The light was different a century ago

Until the turn of the century, noticing the interplay of light and dark and the myriad effects of interacting color across the landscape meant engaging in the study of chromatics, sometimes called gentleman’s chromatics or ladies’ chromatics by professional artists, but often called meteorology by well-educated people who knew that weather included far more than rain or wind.  A stunning collection of “atmospheric effects,” everything from mirages to double rainbows to over-the-horizon glimpses called looming, figured in the education of well-to-do children lucky enough to get beyond the one-room schoolhouse and prepare themselves for analyzing art, especially painting.  Meteorology, art history, and geography combined to explain the wealth of meaning implicit in phrases like “the light of Tuscany” or the heritage implicit in colors like raw umber or chartreuse.  So long vanished that even historians of the visual retrieve its fragments with difficulty, education in visual acuity explains both the origins of careful tourism and the care with which many people not only designed and built houses and gardens but supported efforts to beautify cities, suburbs, and even villages.  Educated people looked acutely and valued landscapes and paintings and even furniture that rewarded scrutiny.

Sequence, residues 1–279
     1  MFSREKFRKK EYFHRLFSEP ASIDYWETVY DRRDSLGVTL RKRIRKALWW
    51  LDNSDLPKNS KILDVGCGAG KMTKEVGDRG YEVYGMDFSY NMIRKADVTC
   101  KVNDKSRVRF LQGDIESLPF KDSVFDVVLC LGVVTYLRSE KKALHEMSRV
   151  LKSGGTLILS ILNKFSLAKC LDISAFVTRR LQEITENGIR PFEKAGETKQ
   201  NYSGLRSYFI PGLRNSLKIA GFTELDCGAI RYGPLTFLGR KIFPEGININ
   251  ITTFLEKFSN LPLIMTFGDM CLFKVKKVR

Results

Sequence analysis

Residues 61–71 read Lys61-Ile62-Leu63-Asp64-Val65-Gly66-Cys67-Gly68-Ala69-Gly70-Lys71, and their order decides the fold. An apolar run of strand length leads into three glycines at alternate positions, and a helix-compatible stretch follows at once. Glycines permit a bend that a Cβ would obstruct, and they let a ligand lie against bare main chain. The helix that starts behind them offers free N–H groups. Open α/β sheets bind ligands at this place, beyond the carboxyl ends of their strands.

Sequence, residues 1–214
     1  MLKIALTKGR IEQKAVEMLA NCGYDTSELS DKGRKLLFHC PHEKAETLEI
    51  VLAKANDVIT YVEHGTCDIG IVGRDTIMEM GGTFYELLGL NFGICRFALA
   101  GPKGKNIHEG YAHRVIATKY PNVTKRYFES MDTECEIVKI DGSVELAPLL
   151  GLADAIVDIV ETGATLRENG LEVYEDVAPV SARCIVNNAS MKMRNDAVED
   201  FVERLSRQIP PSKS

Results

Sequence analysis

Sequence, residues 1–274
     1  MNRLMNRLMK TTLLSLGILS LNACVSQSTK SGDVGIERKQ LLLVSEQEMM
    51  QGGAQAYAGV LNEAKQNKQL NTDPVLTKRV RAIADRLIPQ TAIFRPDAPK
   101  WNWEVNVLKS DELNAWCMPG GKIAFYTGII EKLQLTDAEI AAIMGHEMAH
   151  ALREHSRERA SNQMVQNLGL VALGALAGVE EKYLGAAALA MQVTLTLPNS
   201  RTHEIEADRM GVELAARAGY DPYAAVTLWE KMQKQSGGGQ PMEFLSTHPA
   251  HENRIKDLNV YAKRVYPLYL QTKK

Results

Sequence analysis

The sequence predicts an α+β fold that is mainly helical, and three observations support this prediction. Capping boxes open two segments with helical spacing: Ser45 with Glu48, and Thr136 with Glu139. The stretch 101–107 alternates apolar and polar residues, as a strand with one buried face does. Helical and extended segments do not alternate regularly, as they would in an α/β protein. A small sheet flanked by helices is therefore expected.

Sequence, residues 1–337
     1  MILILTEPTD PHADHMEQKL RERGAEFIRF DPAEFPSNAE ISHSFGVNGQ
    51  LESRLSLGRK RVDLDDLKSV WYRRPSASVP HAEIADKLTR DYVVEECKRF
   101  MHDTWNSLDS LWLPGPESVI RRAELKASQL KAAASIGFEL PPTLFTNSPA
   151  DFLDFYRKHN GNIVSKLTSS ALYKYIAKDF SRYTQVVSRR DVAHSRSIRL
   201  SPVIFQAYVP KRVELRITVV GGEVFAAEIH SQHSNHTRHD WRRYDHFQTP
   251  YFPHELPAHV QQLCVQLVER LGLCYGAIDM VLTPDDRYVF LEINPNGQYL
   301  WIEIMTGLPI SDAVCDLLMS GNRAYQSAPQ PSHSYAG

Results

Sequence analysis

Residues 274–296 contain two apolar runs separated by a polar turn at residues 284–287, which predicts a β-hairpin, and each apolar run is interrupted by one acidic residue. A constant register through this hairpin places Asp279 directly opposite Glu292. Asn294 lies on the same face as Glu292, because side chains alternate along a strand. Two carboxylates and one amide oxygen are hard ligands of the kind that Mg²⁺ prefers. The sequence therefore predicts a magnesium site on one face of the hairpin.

Visual education suffered first from the burgeoning of newspapers and magazines and dime-novels, all of which deflected interest toward typeset knowledge, and from lithography and other inexpensive methods of reproducing images, especially advertisements.  Around the turn of the century, the proliferation of inexpensive black-and-white photography, then the spread of cinema houses, further deflected interest from exploring ordinary outdoor surroundings.  The 1930s introduction of color photography for amateurs and cinematographers alike skewed attention further, but by then physics professors intrigued with Einstein’s theories had catapulted college students, and high school students preparing for college, across Newtonian physics, especially Newtonian optics, to a science consisting largely of equations and interminable problem sets.  By 1940, the old relation of visual acuity, physics, and analysis of art lay shattered, its only schoolroom artifact being a few minutes of instruction with a glass prism, a prism making a rainbow of colors in which few students ever see indigo, let alone wonder why Newton saw the color made by a New World dye found by accident.  Only now and then does someone rummaging among heirlooms notice that amateurs seem to have made much better photographs a century ago, that the faded images show an eerie attention to composition and chiaroscuro, certainly an attention lacking in most contemporary snapshots and homemade videotapes.  Going for a walk became progressively less interesting even to educated people in the 1930s and 1940s, simply because even educated people knew less and less about mysteries of light, shadow, and color that cloak and accentuate ordinary landscapes.

John R. Stilgoe, Outside Lies Magic 14-16

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